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Bridgetower, George (1780-1860)

Image Ownership: Public Domain
Eighteenth and nineteenth century classical violinist George Augustus Polgreen Bridgetower is perhaps now best remembered for his association with Ludwig von Beethoven, who composed his Kreutzer Sonata for the young Afro-European musician, and personally performed the sonata for violin and piano with Bridgetower. A copy of the sonata autographed by Beethoven is inscribed: “Sonata mulattica composta per il mullato.”

Sources differ on details of Bridgetower’s life. His birth date is variously given as 1778, 1779, or 1780, most likely February 29, 1780. It is known his mother was a Polish European, his father was of African ancestry, and he was born in Poland. While there are several versions of where his father came from – from Africa, or from Barbados - it is unquestioned that he was of African descent.

During Bridgetower’s early childhood, his father was said to have worked in the household of Prince Esterhazy of Hungary, in a castle which maintained an opera house, a private orchestra, and employed the composer Franz Joseph Haydn. The Prince was a great patron of the musical arts, and this childhood home would have been an ideal incubator for Bridgetower’s extraordinary talents.  

A child prodigy, Bridgetower’s debut performance in April 1789 was in Paris, France to rave reviews, when he was only nine or ten. In that same year, accompanied by his father, he held concerts in London, Bath, and Brighton in England. The concert in Bath, attended by King George III, was described as “an exquisite performance.”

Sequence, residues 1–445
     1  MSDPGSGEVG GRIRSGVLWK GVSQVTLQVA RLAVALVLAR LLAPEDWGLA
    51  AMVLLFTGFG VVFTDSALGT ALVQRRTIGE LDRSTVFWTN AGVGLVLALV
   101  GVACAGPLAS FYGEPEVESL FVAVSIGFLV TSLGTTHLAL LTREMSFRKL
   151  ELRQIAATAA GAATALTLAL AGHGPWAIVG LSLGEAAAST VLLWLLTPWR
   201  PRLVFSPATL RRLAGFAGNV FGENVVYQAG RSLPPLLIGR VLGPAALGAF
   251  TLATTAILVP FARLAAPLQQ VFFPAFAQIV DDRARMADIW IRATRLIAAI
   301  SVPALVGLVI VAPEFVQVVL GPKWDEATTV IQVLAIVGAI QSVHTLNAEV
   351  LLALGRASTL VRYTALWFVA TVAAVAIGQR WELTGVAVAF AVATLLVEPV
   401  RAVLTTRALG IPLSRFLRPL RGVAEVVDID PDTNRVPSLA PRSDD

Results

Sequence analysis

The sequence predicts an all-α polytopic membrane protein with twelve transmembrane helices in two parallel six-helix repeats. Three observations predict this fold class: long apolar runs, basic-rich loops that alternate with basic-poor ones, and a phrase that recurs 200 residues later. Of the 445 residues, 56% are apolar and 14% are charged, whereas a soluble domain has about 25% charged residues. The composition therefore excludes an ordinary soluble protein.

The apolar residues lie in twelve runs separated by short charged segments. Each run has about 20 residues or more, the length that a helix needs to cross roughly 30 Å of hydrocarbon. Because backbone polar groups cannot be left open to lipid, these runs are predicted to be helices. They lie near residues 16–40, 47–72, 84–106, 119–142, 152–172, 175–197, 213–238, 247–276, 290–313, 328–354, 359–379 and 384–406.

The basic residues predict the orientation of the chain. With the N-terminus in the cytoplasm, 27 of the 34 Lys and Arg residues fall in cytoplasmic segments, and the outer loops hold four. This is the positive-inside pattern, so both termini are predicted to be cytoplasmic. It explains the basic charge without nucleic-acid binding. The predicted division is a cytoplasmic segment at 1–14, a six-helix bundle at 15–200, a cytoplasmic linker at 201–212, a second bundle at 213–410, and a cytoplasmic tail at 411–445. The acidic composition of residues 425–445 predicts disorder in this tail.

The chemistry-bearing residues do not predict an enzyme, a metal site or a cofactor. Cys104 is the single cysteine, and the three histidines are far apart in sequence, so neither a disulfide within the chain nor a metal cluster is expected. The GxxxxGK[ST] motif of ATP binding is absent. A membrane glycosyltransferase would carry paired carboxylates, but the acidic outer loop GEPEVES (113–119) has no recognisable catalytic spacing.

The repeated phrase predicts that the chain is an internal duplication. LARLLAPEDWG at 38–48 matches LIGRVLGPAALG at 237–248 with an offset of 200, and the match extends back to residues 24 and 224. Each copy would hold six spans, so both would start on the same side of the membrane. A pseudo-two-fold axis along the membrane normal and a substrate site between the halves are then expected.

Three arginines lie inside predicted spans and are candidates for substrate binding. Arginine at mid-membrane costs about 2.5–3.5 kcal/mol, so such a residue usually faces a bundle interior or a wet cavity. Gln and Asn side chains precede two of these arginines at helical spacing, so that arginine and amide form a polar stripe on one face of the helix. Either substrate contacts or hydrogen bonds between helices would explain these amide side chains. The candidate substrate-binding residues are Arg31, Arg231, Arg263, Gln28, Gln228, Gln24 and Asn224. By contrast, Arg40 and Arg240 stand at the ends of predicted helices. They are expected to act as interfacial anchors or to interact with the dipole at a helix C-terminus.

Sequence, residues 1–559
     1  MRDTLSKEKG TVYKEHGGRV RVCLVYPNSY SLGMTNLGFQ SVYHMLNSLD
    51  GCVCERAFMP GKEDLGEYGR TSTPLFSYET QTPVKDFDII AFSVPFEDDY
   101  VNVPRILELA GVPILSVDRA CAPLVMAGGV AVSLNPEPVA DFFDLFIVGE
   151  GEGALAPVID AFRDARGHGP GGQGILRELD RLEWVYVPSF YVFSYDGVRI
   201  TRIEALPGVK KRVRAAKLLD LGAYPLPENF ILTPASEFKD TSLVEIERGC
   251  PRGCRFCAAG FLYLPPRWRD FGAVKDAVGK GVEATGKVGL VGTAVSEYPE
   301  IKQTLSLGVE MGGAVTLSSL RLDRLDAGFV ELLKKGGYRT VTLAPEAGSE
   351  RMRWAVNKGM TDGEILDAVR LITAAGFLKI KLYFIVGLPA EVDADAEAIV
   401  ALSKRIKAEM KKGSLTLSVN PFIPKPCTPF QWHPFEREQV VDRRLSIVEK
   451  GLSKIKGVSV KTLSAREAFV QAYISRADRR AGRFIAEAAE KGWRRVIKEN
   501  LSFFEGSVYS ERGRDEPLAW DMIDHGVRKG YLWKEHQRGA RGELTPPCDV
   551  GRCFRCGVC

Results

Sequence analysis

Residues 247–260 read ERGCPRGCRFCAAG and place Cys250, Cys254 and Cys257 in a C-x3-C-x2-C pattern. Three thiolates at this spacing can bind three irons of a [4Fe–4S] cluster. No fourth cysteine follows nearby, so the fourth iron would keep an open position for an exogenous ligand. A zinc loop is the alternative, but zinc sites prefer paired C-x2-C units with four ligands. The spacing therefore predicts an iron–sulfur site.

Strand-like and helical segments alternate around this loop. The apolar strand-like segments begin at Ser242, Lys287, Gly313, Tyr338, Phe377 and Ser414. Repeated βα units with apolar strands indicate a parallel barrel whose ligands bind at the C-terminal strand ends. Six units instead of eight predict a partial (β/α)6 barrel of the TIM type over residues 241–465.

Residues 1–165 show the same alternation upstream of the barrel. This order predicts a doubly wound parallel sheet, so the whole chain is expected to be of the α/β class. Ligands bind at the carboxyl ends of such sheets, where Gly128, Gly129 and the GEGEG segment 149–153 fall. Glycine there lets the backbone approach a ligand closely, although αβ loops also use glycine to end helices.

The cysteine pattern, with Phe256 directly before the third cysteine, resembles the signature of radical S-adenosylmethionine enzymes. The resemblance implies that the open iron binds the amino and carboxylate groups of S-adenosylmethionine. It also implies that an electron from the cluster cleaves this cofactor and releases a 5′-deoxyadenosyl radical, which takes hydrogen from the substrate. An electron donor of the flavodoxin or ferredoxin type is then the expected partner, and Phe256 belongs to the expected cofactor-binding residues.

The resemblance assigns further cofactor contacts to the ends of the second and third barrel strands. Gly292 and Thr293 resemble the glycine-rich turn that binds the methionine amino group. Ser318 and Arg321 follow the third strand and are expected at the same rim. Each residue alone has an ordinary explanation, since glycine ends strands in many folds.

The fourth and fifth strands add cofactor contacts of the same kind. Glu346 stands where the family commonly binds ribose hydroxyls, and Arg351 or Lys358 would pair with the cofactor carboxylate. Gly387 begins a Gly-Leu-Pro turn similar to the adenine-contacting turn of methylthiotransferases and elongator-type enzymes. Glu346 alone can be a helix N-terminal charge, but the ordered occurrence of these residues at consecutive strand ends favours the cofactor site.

When he was about 11 in 1791, the Prince of Wales placed Bridgetower under his protection, and appointed tutors for him. First violinist in the Prince’s private orchestra for 14 years, Bridgetower also performed numerous concerts and became a famous and celebrated musician in his time. It was during an 1802 concert tour of Europe that he made friends with Beethoven, who described Bridgetower as “an absolute master of his instrument.”

He was elected to the Royal Society of Musicians in 1807. In 1811, Bridgetower earned the degree of Bachelor of Music at Cambridge University, where he also did some composing. He taught piano, and continued to perform and travel, especially to Italy. Little is known of his later years, and he died on February 29, 1860 in London. George Bridgetower is buried in Kensai Green Cemetery, London. A portrait of Bridgetower is in the collection of the British Museum.

Sources:
Percy A. Scholes, The Oxford Companion to Music, tenth edition edited by John Owen Ward (London: Oxford University Press, 1970); www.black-history.org.uk/prodigy.asp ; www.100greatblackbritons.com/bios/george_bridgetower.html; www.bl.uk/onlinegallery/features/blackeuro/bridgetowerbackground.html.

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